With Ben Roethlisberger facing his issues, Santonio Holmes gone, Harrison now 32, and strong safety Troy Polamalu coming off a season basically lost to injury (he missed 11 games), Woodley could be emerging as a face-of-the-franchise-type player.

"I haven't played my best football yet, that's the thing," Woodley said." I know that I haven't played my best yet. What people see now, I've only been playing linebacker for three years. I played defensive end my whole life. When I really catch on to it, it's really going to be trouble."

BURGH86STEEL
05-20-2010, 08:04 PM
I wonder what his sack numbers would be if he was asked to rush a little more? He appeared to get off to a slow start last season. Dropping into coverage might account for that slow start.

I hope they can get a deal done with him. I too believe his best years are a head. He seems like a level headed individual that fits in well as a Steelers LB. It is almost amazing that the Steelers manage to find quality LB's as much as they do. Whoever scouts LB's for them does a great job.

RuthlessBurgher
05-20-2010, 09:00 PM
Since they put communication devices (like the one's QB's have) in one defensive player's helmet a few years ago, Farrior has always been the guy to wear it. Potsie is a defensive leader, and a 3 down linebacker, so it made sense. But now that James is slowing down (and he may get more breathers than he has in the past with Foote and Fox ready to rotate in to keep everyone fresh), you wonder if the team will give Farrior the "link to LeBeau" helmet again. You need someone who is going to be on the field every down. Troy is always out there (when healthy), but he is a quiet guy and a freelance artist...not necessarily the guy you want communicating defensive signals to everyone else. I think Woodley would be a good candidate to wear that helmet. Seems like a natural leader to me, and he seemingly never leaves the field (strong-side OLB on 1st and 2nd down, rush end on 3rd down passing situations in nickel and dime defenses). I wonder if the team decides to make such a switch this season.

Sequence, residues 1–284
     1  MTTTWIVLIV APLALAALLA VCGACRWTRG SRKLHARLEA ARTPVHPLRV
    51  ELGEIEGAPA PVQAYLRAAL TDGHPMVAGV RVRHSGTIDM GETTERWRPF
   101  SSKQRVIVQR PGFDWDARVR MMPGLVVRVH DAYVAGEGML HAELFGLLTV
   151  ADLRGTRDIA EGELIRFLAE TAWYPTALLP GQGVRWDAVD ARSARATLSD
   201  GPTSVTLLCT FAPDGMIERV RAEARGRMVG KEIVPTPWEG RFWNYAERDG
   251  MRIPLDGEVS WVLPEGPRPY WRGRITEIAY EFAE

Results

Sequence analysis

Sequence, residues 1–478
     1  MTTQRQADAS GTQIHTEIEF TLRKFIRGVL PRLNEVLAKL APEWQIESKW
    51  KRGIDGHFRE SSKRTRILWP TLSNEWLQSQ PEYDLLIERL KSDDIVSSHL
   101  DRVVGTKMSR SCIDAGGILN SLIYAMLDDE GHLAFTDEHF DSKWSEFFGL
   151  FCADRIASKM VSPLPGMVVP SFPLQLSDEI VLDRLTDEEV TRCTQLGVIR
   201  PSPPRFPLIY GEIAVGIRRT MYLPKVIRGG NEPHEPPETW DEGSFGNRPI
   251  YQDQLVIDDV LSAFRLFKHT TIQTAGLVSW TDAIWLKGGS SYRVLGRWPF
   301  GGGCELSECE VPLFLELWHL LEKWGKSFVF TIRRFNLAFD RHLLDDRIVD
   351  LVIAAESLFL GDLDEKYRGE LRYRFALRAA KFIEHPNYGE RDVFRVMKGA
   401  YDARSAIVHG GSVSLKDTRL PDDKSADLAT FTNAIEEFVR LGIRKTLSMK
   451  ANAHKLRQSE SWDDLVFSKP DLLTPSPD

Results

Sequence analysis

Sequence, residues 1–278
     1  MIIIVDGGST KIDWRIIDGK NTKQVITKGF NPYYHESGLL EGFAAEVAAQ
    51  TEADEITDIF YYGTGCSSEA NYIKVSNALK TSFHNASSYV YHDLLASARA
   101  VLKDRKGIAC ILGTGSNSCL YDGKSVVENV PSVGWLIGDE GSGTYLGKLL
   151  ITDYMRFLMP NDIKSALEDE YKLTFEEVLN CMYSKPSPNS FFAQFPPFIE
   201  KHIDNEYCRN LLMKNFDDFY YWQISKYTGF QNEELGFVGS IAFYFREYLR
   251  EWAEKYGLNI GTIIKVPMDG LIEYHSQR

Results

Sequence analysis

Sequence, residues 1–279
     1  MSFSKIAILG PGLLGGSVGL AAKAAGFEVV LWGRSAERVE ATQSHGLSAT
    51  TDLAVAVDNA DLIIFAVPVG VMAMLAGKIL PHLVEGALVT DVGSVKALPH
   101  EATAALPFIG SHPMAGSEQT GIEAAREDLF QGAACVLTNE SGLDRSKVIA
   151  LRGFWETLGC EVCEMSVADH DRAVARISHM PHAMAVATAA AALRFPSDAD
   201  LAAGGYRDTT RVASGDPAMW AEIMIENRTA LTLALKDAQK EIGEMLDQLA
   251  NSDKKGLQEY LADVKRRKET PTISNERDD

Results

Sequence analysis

D Rock
05-20-2010, 10:04 PM
I think he might have too much reading and diagnosing of his own to do each play to wear the communication helmet. I would think the same applies to Troy.

IMO, the best person to give it to would be Ryan Clark because he can sit back and look over everything and make the calls.

Luckily these guys are all veterans of the system and don't need to Lebeau-link all that much to be successful. I don't believe it will be any sort of an issue who really ends up wearing it.

cruzer8
05-20-2010, 10:54 PM
I think he might have too much reading and diagnosing of his own to do each play to wear the communication helmet. I would think the same applies to Troy.

IMO, the best person to give it to would be Ryan Clark because he can sit back and look over everything and make the calls.

Luckily these guys are all veterans of the system and don't need to Lebeau-link all that much to be successful. I don't believe it will be any sort of an issue who really ends up wearing it.

It's one-way communication. LeBeau calls the play and the person wearing the helmet with the speaker simply repeats the play that LeBeau calls.

There's no reading or diagnosing until the offense breaks the huddle. The defense has been called already and the speaker has been shut off by then.

StarSpangledSteeler
05-21-2010, 02:23 PM
I would think this year the headset goes to a Foote/Farrior combo role. Foote understands the system about as well as Farrior and i believe they will be sharing the snaps. Foote is fairly vocal and MLB is the optimal spot on the field to be communicating changes.

I think this coming year we draft a first or second round MLB like a Sean Weatherspoon-type (athletically and leadership-wise) to replace Farrior completely. It's just too important of a position in our offense not to have a legitimate star. There has been talk of moving Harrison to MLB but i don't think that will result in maximum production.

I think we resign Woodley, develop Worilds as Harrison's rotation and eventual replacement, develop Gibson as the top back up on either side, keep Timmons at MLB and draft another 1-2 round MLB this year. That would be by far the top LB tandem in the NFL and as talented a crew as any we've had in Pittsburgh in a long time.

RuthlessBurgher
05-21-2010, 03:24 PM
I would think this year the headset goes to a Foote/Farrior combo role. Foote understands the system about as well as Farrior and i believe they will be sharing the snaps. Foote is fairly vocal and MLB is the optimal spot on the field to be communicating changes.

They only allow the device in one defensive player's helmet. Foote and Farrior couldn't both have them. That's why I was saying we should pick a guy who will likely see a higher percentage of the total defensive snaps than Farrior.